Treatment The goal of therapy of acute appendicitis is early diagnosis and prompt operative intervention. However, this goal is not always easily accomplished since many patients do not seek medical attention in a timely manner and the diagnosis of appendicitis can be difficult. Many surgeons use an aggressive approach, accepting a certain number of negative appendectomies, traditionally 15%, although the use of imaging studies appears to have reduced the negative appendectomy rate to less than 10 %. The preoperative preparation for appendectomy includes intravenous hydration, correction of electrolyte abnormalities, and perioperative antibiotics. Both open and laparoscopic approaches to appendectomy are appropriate for all patients. Patients treated with a laparoscopic appendectomy have significantly fewer wound infections, less pain, and a shorter duration of hospital stay, but higher rates of readmission, intra-abdominal abscess formation, and higher hospital costs.
Summary Classic symptoms of appendicitis: right lower quadrant abdominal pain, anorexia, fever, nausea and vomiting. Atypical or nonspecific symptoms: indigestion, flatulence, bowel irregularity, and generalized malaise; and not all patients will have migratory abdominal pain. Diagnostic imaging should be performed when the diagnosis of appendicitis is suspected but unclear. We perform a standard abdominal CT scan with intravenous and oral contrast An appendectomy rather than medical management with antibiotics alone is the gold standard for patients with a history and clinical findings, and radiographic images, consistent with appendicitis. Although some patients do well with antibiotic therapy alone, they are at risk of recurrent appendicitis. Path evaluation of inflammed appendix will involve modest perivascular neutrophilic infiltrate within all layers of the wall and congested subserosal vessels. If a normal appearing appendix is identified during surgical exploration for right lower abdominal pain, an appendectomy should be performed. It is important to search for other causes of the patient's symptoms, including terminal ileitis, cecal or sigmoid diverticulitis or a perforating colon carcinoma, Meckel's diverticulitis, mesenteric adenitis, or uterine, fallopian, or ovarian pathology in a female.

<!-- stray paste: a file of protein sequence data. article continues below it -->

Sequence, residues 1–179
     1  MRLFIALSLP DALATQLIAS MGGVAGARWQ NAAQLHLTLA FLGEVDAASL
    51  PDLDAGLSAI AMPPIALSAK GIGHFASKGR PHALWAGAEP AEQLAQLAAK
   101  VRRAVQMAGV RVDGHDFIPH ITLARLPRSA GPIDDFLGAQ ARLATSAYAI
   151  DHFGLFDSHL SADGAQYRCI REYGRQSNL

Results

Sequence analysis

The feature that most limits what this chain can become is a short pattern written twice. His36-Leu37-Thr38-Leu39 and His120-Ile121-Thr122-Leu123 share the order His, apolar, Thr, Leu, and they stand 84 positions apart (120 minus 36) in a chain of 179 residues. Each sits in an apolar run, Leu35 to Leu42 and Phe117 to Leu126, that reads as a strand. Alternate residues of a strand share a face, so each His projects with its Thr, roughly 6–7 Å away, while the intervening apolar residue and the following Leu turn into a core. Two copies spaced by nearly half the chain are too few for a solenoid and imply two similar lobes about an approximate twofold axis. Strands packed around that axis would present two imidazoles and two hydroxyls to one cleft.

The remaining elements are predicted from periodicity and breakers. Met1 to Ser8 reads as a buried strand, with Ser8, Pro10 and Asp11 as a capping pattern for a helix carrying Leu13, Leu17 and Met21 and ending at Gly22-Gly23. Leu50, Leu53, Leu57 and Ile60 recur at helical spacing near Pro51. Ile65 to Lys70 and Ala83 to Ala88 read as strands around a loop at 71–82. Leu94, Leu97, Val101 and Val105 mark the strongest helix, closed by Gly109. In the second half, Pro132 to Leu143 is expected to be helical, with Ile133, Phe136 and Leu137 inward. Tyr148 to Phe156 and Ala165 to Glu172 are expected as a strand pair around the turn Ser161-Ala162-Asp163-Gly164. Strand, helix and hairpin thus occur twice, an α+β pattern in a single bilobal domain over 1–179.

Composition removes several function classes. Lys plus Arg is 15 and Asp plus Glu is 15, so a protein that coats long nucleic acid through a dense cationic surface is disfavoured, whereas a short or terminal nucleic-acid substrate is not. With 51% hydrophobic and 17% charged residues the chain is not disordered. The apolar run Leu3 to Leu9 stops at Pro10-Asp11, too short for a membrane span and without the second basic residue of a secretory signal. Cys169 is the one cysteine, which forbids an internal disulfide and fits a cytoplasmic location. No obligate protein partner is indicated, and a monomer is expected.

References: Black, Carrie E., MD, and Ronald F. Martin, MD. "Acute Appendicitis in Adults: Clinical Manifestations and Diagnosis.” UpToDate, 13 Sept Web. 20 Dec Kumar, Vinay, Abul K. Abbas, Nelson Fausto, Stanley L. Robbins, and Ramzi S. Cotran. "Chapter 17 The Gastrointestinal Tract." Robbins and Cotran Pathologic Basis of Disease. Philadelphia: Elsevier Saunders, Print. Smink, Douglas, MD, MPH, and David I. Soybel, MD. "Acute Appendicitis In Adults: Management." Acute Appendicitis in Adults: Management. UpToDate, 27 Aug Web. 20 Dec